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Gallery: Churches of Somerset

by Peter Kessler, 26 September 2020

SW&T (Taunton Deane) Part 30: Churches of Holywell Lake to Greenham

Holywell Lake Church Room, Holywell Lake, Somerset

Holywell Lake Church Room, Holywell Lake, is on the east side of The Holloway, about forty-five metres south of the junction with Farthing Down. The building is shown on late Victorian OS maps but isn't labelled. The OS 1:10,560 combined map of 1949-1969 does indeed label it as a church room. Kelly's Directory of Somerset 1902 confirms its status. Today it is a private residence named Home Farm, which looks far more like a rural cottage than any form of religious building.

Holywell Lake Baptist Chapel, Holywell Lake, Somerset

Holywell Lake Baptist Chapel is on the eastern side of The Holloway, about fifty metres south of the junction with The Farthing Down. There was a holy well at the northern end of the hamlet which was still being marked on OS maps of the early 1900s and which gives the hamlet its name. The chapel was built in 1841 to seat 100 persons (possibly extended by 1902 for an extra twenty). It later closed and was converted into a pink private residence called 'Chapel House'.

Holy Cross Church, Sampford Arundel, Somerset

Holy Cross Church, Sampford Arundel, is at the very west edge of this hamlet. Although there was almost certainly a church on the site in the 1100s, Holy Cross was substantially rebuilt in 1867 when the aisle walls and chancel were taken down. Previously the nave and chancel had been under the same roof but, with the restoration, they were given separate roofs. The west tower, thought to be thirteenth century, was raised and a new bell chamber added on the first floor.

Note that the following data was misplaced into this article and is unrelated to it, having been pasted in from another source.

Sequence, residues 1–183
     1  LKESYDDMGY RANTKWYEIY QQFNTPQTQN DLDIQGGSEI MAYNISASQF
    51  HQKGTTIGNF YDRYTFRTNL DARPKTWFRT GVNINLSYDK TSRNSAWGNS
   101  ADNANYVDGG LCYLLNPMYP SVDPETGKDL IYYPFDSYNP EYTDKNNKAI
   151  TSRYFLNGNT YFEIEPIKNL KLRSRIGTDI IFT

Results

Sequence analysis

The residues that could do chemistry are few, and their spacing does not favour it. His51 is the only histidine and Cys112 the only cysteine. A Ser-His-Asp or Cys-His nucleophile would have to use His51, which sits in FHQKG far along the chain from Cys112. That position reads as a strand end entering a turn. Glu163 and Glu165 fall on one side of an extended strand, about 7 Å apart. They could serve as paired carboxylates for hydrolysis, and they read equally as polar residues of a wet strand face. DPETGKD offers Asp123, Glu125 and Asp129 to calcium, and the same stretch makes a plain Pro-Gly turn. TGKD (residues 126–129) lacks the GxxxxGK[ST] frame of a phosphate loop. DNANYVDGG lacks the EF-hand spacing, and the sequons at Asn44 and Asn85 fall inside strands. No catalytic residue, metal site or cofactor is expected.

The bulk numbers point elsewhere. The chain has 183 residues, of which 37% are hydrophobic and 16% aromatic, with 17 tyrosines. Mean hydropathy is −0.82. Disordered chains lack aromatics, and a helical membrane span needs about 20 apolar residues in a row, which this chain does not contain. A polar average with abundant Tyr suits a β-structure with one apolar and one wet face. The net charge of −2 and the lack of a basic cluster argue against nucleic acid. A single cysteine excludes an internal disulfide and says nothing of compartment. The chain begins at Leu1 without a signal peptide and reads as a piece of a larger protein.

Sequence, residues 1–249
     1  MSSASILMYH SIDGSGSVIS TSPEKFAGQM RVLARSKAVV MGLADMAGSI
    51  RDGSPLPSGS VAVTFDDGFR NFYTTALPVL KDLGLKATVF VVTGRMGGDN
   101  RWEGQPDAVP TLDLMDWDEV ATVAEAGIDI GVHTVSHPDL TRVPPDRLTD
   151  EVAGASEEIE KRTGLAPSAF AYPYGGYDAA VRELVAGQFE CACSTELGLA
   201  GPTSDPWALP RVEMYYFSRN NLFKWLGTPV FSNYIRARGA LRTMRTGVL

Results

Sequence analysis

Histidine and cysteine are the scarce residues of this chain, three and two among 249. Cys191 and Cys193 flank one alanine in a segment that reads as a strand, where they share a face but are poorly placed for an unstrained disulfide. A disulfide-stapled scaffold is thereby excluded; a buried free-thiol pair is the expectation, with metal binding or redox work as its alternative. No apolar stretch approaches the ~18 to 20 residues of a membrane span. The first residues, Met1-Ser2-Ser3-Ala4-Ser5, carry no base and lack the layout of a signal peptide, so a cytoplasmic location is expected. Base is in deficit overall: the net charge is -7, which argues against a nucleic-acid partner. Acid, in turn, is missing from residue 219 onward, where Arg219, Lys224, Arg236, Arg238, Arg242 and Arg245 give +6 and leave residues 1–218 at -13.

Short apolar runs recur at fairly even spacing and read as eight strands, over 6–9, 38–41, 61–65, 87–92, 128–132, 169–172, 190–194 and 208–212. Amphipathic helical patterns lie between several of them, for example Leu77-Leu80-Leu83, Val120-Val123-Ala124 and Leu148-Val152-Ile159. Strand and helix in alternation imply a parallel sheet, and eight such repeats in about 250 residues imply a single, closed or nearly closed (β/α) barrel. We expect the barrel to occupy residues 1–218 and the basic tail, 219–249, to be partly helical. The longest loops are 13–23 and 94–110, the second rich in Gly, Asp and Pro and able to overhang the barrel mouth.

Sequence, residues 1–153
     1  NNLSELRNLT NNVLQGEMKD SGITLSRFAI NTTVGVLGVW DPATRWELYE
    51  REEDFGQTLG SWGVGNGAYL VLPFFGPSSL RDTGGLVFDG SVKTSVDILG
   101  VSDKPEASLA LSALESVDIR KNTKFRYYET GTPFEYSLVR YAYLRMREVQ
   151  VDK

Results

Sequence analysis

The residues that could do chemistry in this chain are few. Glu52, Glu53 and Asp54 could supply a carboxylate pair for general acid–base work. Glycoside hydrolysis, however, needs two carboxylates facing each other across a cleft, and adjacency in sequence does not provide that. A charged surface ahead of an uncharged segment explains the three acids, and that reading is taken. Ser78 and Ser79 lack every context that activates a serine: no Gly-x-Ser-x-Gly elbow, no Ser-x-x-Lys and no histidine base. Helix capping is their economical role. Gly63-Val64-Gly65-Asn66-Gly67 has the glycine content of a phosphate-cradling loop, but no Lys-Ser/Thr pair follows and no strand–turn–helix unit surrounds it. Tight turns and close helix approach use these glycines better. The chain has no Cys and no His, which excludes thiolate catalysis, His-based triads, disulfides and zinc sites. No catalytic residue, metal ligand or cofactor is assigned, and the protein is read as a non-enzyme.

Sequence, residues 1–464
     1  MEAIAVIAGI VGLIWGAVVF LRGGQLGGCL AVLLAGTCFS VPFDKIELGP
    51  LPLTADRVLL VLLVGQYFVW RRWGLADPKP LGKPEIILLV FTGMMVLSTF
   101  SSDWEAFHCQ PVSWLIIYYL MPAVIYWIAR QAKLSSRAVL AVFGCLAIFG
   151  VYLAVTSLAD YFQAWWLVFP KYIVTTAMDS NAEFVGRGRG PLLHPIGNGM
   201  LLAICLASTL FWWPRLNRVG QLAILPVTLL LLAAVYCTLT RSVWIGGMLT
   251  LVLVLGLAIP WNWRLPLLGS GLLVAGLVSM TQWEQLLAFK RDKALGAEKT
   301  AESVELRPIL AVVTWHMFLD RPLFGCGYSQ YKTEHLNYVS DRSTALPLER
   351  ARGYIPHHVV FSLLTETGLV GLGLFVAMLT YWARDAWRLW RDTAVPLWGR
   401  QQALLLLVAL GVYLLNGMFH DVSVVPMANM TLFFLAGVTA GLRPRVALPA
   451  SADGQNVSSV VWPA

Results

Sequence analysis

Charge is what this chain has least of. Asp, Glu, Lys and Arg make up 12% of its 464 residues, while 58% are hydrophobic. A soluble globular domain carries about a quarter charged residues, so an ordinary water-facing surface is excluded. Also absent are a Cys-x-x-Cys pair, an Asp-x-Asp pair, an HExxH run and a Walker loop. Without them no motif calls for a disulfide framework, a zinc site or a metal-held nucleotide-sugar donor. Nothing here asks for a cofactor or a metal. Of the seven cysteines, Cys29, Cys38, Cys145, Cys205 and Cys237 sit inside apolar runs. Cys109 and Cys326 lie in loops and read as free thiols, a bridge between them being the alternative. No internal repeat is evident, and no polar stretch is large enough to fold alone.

Wrangway Congregational Chapel, Wrangway, Somerset

Wrangway Congregational Chapel was located where the middle of three houses now stands (as photographed), on the south-east side of the road just thirty metres west of the entrance to the Higher Woodford estate. The chapel may have been erected around the same time as its sister, Rockwell Green Union Chapel (see links), around 1830. It was restored and enlarged in 1882, and afforded 200 sittings. It closed post-war and was later demolished.

Sampford Moor Baptist Chapel, Sampford Moor, Somerset

Sampford Moor Baptist Chapel stands on the southern side of the lane that connects a scattering of houses, at the southern end of the hamlet, sixty metres west of The Blue Ball public house (seen in the distance here). Kelly's Directory of Somerset 1889 states that it was erected in 1871 with sittings for eighty. Mrs Hall and Mrs Nicholson were the chief landowners. It was still operational post-war but later closed and was converted into the private residence it remains today.

Greenham Barton Chapel, Greenham Barton, Somerset

Greenham Barton Chapel was once part of the Tudor manor house that lies on the northern side of the Greenham Barton lane, about a hundred metres east of the Bishop's Hill junction. There existed a round-headed gateway on the north-eastern side of the courtyard which originally also contained a detached chapel and lodgings. Its fate is unknown, while the house was built in the early fifteenth century with later additions in the sixteenth and twentieth centuries.

All photos on this page kindly contributed by Huw Thomas via the 'History Files: Churches of the British Isles' Flickr group. Former Taunton Deane area church names and locations kindly confirmed by South West Heritage Trust. Additional information by Huw Thomas and from Kelly's Directory of Somerset, 1889 and 1902.


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